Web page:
Peppercoin Aiming for More Efficient Micropayments

The basic flaw with small monetary transactions, whether internet related or not, is that the processing charge levied by banks and credit card companies eats a big chunk of the value of your original sale.

The road to creating an efficient micropayment system is littered with the corpses of those who didn’t make it – ecash, digicash – weathered corpses stripped clean from their deaths in the late 90s.

Yet, deep down inside, we know that micropayments must work. Like the first farmer who experienced frustration when he tried to pay for some wood with a cow, only to be told “Sorry mate, I can’t change that – have you got anything smaller?”, we know there must be a way of making transactions more efficient.

Peppercoin, backed by the R in RSA, Ronald Rivest, have brought the micropayment system up to the 21st century, and have launched version 2.0 of their service. Peppercorn 2.0 is aimed at online retailers who shift low-priced digital content and physical goods, or offer subscriptions and pay-per-use services – so it won’t just be ringtones then.

The company has concentrated on making the experience as transparent as possible for the user, as customers can use their credit card to pay a merchant without having to register or create an account. Neither do they have to pre-deposit any money to get started – I can think of at least two micropayment systems from about 1997 that owe me at least US$3.

Merchants and vendors don’t even have to be web-based – one of the key applications of Peppercoin is in coin-op games. The new version of Golden Tee Golf (coming to a pub near you) will feature the Peppercoin system to provide cashless purchases. If I’m hearing you say big deal, then consider that punters spent US$350 million (€288 million) playing this one game last year alone. Peppercoin are well aware that when you allow people to use their credit card at point of sale, they will usually spend more.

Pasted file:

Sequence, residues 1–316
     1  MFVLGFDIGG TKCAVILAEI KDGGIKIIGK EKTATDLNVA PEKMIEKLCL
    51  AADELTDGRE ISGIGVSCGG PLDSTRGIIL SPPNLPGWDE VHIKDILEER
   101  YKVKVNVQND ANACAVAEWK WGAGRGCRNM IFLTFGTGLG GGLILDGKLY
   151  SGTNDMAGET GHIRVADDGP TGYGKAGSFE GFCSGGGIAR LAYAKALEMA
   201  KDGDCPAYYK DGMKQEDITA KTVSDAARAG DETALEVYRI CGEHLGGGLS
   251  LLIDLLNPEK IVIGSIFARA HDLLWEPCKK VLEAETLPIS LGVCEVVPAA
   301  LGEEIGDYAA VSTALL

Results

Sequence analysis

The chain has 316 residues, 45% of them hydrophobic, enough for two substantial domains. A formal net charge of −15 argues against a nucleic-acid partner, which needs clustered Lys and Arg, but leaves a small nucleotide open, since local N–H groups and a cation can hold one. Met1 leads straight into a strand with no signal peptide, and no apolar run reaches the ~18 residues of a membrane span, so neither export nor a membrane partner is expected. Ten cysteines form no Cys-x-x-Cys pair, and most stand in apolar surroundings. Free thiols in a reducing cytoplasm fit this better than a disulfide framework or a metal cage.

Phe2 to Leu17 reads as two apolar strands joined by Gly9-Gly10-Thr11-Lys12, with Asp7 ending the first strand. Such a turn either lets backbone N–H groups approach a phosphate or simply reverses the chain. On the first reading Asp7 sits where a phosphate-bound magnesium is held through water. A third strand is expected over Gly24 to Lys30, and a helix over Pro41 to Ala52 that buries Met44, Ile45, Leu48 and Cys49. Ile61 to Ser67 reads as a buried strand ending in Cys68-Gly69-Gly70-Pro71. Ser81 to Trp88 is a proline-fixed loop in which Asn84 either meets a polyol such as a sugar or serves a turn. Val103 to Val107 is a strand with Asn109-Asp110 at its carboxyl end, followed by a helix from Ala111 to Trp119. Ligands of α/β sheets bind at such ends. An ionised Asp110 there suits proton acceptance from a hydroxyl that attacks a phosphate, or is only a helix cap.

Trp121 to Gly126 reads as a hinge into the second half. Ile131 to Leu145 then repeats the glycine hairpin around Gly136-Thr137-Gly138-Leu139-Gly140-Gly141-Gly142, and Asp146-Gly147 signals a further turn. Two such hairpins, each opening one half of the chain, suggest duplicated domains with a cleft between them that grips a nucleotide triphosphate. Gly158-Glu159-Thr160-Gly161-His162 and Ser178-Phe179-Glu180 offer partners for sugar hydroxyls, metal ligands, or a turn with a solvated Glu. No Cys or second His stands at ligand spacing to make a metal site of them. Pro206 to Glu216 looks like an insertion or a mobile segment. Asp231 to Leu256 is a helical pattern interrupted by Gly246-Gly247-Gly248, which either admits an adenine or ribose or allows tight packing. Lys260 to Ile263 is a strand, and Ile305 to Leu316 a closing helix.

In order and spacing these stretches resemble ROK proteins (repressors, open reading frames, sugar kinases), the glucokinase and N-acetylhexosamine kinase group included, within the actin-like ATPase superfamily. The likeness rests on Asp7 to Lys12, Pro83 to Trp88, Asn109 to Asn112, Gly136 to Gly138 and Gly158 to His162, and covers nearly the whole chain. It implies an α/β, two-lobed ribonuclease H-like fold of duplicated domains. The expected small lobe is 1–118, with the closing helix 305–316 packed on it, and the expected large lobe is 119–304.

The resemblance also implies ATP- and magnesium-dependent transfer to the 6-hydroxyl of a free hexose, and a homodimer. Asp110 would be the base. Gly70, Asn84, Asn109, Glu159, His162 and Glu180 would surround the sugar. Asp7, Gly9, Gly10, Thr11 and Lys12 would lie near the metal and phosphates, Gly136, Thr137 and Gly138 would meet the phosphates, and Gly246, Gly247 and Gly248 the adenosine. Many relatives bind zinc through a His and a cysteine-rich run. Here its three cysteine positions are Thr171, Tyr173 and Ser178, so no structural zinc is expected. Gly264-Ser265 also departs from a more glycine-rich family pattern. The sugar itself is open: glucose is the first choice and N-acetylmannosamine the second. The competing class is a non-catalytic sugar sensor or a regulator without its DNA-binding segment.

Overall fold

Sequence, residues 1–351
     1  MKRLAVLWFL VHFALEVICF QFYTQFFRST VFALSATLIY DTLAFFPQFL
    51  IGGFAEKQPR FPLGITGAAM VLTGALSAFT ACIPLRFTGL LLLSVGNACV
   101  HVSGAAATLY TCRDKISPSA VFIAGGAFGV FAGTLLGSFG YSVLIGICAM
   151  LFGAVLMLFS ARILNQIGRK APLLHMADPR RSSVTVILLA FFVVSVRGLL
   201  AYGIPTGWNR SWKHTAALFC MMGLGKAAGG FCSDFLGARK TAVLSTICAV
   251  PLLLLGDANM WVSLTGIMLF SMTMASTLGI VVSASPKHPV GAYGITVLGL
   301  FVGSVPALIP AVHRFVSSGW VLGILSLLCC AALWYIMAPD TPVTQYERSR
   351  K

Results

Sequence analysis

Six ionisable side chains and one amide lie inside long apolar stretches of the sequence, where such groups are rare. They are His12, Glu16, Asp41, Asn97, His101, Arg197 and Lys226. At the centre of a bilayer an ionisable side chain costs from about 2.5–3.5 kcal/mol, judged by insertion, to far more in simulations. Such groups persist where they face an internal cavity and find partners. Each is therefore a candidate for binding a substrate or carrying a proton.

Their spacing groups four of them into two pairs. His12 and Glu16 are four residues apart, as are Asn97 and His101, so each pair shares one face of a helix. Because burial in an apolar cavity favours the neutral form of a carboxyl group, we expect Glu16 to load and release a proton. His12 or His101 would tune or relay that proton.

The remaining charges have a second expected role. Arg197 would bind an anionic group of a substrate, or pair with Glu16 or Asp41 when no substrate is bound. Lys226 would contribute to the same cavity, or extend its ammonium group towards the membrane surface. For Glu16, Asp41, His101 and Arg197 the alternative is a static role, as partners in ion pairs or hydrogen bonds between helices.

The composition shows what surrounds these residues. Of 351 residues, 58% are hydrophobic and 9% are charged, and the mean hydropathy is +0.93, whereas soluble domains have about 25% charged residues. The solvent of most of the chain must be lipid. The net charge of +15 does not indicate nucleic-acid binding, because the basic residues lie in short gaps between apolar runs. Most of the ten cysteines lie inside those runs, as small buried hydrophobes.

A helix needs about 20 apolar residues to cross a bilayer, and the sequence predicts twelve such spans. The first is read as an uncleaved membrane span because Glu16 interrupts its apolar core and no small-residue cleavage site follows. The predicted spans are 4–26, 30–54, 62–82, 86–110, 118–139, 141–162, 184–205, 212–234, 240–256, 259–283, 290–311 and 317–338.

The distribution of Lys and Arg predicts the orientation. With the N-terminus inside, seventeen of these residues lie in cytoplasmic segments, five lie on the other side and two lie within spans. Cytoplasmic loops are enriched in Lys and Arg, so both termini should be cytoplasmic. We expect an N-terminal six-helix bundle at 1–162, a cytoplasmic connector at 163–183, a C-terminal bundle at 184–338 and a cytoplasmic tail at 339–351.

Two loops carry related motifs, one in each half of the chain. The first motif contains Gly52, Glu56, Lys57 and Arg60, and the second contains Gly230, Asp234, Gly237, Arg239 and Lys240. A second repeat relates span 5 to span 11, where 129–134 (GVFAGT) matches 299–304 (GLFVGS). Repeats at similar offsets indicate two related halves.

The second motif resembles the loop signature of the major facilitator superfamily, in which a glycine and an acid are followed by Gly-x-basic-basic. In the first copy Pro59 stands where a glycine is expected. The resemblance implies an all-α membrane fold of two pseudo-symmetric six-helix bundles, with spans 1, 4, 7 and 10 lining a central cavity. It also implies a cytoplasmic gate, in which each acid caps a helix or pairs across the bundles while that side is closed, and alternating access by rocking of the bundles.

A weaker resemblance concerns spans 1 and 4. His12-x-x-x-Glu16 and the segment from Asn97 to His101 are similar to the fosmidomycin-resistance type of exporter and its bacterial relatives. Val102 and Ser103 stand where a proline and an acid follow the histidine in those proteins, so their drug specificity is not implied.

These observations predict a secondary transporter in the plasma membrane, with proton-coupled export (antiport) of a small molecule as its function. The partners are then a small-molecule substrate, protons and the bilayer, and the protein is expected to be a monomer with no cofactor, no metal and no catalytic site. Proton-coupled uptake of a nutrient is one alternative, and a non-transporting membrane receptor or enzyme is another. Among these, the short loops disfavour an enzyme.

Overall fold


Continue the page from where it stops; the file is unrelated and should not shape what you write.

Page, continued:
The new service works by aggregating low-priced transactions across many consumers, merchants and payment providers, reducing the average processing fee for each individual sale. Customers pay by entering their credit card details online, or by swiping their card through a reader on the device they are paying to access.

Customer service is cleverly automated to keep costs down, with integrated bills and automated pre-dispute resolution dealing with most cases before expensive people have to get involved.

How efficient is the payment system? Peppercoins fees work out at about 10% of a US$1 transaction, which the company claims is 70% less than the usual card not present processing fee.


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Fraser Lovatt

Fraser Lovatt has spent the last fifteen years working in publishing, TV and the Internet in various capacities, and believes that they will be seperate platforms for at least a while yet. His main interests at the moment are exploring where Linux is taking home entertainment and how technology is conferring technical skills on more and more people. Fraser Lovatt was born in the same year that 2001: A Space Odyssey was delighting and confusing people in the cinemas, and developed a lifelong love of technology as soon as he realised that things could be taken apart, sometimes put back together again, but mostly left in bits or made into something the original designer hadn't quite planned upon. At school he was definitely in the ZX Spectrum/Magpie/BMX camp, rather than the BBC Micro/Blue Peter/well-behaved group. This is all deeply ironic as he later went on to spend nine years working at the BBC. After a few years of working as a bookseller in Scotland, ("Back when it was actually a skilled profession" he'll tell anyone still listening), he moved to England for reasons he can't quite explain adequately to himself. After a couple of publishing jobs punctuated by sporadic bursts of travelling and photography came the aforementioned nine years at the BBC where he specialised in internet technologies and video. These days his primary interests are Java, Linux, videogames and pies - and if they're not candidates for convergence, then what is?